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By Jamie Butow
"You need to quit writing or whatever you do with my man."
"god you make me sick"
"dude u r so ugly, i dont see how a girl as pretty as lily goes out with ur ugly a**."
Those are just three of the "questions" I found posed anonymously to two Bakersfield teens on Ask.fm. I only edited out the one word.
Take a minute to process that.
Ask.fm is just the latest social media site to come to light for its intense cyberbullying reputation.
That reputation has been around for quite a while, but it took the suicide of 14-year-old Briton Hannah Smith for something to change.
Smith died by suicide earlier this month after receiving abusive messages from Ask.fm users such as "drink bleach," "go get cancer" and "go die."
Her father wants criminal charges filed against the operators of the site for not doing anything to prevent the bullying.
The 3-year-old Latvia-based site (I had to go to Google maps, too) has 60 million users worldwide, about half of whom are younger that 18 years old, according to ComScore Inc. And the site is populated predominately by anonymous users.
Last week the operator of the website said it would make it easier to report online harassment. It also plans to let users opt out of receiving anonymous questions and will hire more staff -- including a safety officer -- to moderate comments on the site.
The new staff and procedures will be in place by January.
Will that help?
As fast as we start to monitor these sites, new ones are popping up.
While Ask.fm, Keek, Snapchat and Tumblr take a backseat to Instagram, Twitter and Facebook, they are still major sources of communication among teens.
Even 16-year-old Hannah Anderson, two days after being rescued in the Idaho wilderness, logged on to Ask.fm using the name Hannahbanana722 to share details of her kidnapping ordeal.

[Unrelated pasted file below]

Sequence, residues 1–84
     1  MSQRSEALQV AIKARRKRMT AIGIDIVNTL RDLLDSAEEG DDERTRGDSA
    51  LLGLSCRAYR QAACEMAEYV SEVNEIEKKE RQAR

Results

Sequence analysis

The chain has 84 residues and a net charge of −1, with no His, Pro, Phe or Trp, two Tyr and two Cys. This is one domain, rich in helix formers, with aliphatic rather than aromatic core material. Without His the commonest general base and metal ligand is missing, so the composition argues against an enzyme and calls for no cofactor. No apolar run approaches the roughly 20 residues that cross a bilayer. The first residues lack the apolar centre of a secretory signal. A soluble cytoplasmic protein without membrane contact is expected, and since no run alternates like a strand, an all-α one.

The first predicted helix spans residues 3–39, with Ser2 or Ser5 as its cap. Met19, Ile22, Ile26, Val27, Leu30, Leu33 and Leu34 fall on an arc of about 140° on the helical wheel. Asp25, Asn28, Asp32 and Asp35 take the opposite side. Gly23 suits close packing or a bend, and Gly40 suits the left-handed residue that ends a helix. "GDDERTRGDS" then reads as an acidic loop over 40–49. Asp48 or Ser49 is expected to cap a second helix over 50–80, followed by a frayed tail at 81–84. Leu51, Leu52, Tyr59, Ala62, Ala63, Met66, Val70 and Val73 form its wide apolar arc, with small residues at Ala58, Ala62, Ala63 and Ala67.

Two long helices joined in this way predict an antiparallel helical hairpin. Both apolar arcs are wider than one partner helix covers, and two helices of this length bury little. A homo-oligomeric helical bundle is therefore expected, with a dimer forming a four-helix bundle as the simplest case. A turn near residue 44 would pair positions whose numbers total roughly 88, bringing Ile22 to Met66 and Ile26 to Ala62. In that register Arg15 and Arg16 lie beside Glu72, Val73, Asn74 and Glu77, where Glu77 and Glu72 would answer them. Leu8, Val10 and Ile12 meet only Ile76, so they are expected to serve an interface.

She said last week on "Today" it was cathartic to know so many people were praying for her.
As a teenager, she said, social media is the way she talks to friends.
I don't think there's any argument that these sites should be responsive in moderating questionable material and making sure users adhere to the terms of service they put forward.
But Latvian columnist Karlis Langins wrote, "I think it is just another case of parents blaming everything for their child's death and politicians reacting in a populistic manner."
There's a middle ground here.
While people who run social platforms have to make an effort to observe what is happening on their sites, parents have to make an effort to observe what is happening with their teens.
Last week I posted a link on Facebook.com/JamieButow2 to a news story out of Los Angeles about a school district that hired a company to monitor social media sites for evidence of cyber-bullying, vandalism and other crimes by students of the Glendale Unified School District.
While I think this is a great idea, I hope it's not costing a huge amount of money.
Check out the article and comment here with your thoughts on the school district taking this on. Is it their responsibility? Will it help?